Manchester Art Gallery

Derek Jarman Pocket Park Blog

Manchester Art Gallery and Pride in Ageing at LGBT Foundation are working in partnership to create a Derek Jarman Pocket Park, which will be situated at the Mosley Street entrance of Manchester Art Gallery. This new community garden space has been designed and planted by a volunteer group of green-fingered LGBT+ over 50s from Greater Manchester, with support from artist Juliet Davis-Dufayard and funding from Pockets Parks and the Manchester Wellbeing Fund. As well as providing a functional space for Manchester Art Gallery’s wellbeing work the garden will be a place for the people of Manchester and the wider world to come together, relax, share ideas and enjoy a taste of “immersive nature” in the centre of the City. Garden design support has been kindly provided by Exterior Architecture, the IGNITION Project and Royal Horticultural Society, and the garden will contain a number of innovative urban solutions to combat the effects of climate change.

The planting in the Derek Jarman Pocket Park is inspired by filmmaker, gay rights activist and gardener Derek Jarman’s celebrated garden in Dungeness as well as the life experiences of our LGBT+ volunteer group, who are of the same or similar generations to Jarman. Almost 30 years on from Jarman’s landmark QUEER exhibition at Manchester Art Gallery, this volunteer group continue to be inspired by the messages and movements for LGBT+ equality which Jarman and others started in the 1980s, and are supporting LGBT Foundation to continue their work towards a fair and equal society where all LGBT people can achieve their full potential. The garden space will be launched to coincide with International Day of Older Persons on October 1st, shortly ahead of the Derek Jarman Protest! retrospective which opens at Manchester Art Gallery on December 1st.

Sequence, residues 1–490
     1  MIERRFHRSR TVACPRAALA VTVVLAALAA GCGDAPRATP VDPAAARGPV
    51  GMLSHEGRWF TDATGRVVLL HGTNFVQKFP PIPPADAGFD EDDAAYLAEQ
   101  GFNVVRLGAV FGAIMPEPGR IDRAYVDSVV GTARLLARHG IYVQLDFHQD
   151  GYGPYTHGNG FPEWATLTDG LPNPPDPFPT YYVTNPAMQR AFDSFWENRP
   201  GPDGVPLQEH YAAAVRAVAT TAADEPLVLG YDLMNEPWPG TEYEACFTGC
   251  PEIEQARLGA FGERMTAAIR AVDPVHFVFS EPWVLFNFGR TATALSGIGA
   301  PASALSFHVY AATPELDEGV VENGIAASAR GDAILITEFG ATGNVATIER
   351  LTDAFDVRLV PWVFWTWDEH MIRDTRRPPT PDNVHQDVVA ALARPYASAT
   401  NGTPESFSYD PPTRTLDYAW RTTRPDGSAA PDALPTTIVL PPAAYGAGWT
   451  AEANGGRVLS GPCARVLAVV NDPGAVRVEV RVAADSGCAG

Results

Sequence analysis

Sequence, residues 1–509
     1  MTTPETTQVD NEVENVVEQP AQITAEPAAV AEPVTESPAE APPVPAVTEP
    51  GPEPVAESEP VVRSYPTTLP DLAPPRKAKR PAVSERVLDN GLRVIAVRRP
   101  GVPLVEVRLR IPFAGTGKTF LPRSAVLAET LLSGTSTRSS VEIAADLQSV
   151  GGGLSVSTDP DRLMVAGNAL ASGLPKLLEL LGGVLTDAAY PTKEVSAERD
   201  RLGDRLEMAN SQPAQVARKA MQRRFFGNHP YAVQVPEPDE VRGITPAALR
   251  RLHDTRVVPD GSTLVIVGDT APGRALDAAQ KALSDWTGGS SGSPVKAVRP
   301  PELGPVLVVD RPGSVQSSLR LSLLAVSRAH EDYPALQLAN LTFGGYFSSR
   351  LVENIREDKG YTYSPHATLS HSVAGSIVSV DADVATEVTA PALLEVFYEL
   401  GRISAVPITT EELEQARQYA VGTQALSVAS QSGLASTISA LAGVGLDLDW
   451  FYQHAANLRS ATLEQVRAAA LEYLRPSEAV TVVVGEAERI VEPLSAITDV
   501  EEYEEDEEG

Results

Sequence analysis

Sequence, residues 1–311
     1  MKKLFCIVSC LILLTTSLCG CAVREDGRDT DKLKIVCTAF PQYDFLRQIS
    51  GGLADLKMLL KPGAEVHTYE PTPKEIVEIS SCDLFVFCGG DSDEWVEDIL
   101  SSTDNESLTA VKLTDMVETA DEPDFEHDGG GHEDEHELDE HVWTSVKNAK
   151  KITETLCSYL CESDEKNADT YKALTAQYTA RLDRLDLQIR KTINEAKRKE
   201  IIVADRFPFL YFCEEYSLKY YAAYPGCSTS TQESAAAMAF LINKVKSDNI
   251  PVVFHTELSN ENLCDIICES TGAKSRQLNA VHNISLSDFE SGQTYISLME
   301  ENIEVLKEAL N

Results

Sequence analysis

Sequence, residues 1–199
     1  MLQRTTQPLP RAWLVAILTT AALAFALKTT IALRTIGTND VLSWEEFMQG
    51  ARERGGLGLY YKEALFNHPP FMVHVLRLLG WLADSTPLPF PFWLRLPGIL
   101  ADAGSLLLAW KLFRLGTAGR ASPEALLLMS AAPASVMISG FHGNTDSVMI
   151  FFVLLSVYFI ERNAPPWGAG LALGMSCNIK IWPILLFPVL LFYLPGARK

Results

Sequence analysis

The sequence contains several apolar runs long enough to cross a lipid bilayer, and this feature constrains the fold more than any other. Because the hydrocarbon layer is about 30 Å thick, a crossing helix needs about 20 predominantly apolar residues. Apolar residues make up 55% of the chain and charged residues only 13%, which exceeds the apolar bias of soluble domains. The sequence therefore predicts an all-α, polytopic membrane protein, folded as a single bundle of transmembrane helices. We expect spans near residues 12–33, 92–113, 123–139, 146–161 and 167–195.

Our blog, launching today will provide a flavour of the project in the run up to the garden opening, in the words of members of the volunteer group…


 

LGBT+ over 50s Go Botanical Together!

Imagine a wild and windswept corner of the British coastline, a headland of pebbles and shingle, blasted by the sun in summer and battered by winter storms and salt spray, and all within the shadow of a nuclear power station. Not exactly a place that conjures up the beauty of nature, and yet for artist, film maker and gay activist Derek Jarman, the garden he created at Prospect Cottage in Dungeness was both a therapy and a pharmacopoeia’.

Dungeness, Dungeness, your beauty is the best, forget the hills and valleys. This landscape is like the face you overlook, the face of an angel with a naughty smile.- Derek Jarman

Derek Jarman’s Garden, Derek Jarman and Howard Sooley.  Thames & Hudson, first published 1995 

Some of you may recognise this strip of land in Manchester city centre – the stone flags, Victorian iron fencing, a background of office blocks and a glimpse to the right of a Grade I listed building… 

…I won’t keep you guessing, it’s a small part of the land surrounding Manchester Art Gallery.  Nothing special, I hear you say! Most of us have probably given it little thought as we walk down Mosley Street, but for a small group of us (9 in total), it has been the subject of many Zoom meetings over the past 10 months! 

Some members of the The Derek Jarman Pocket Parks group zoom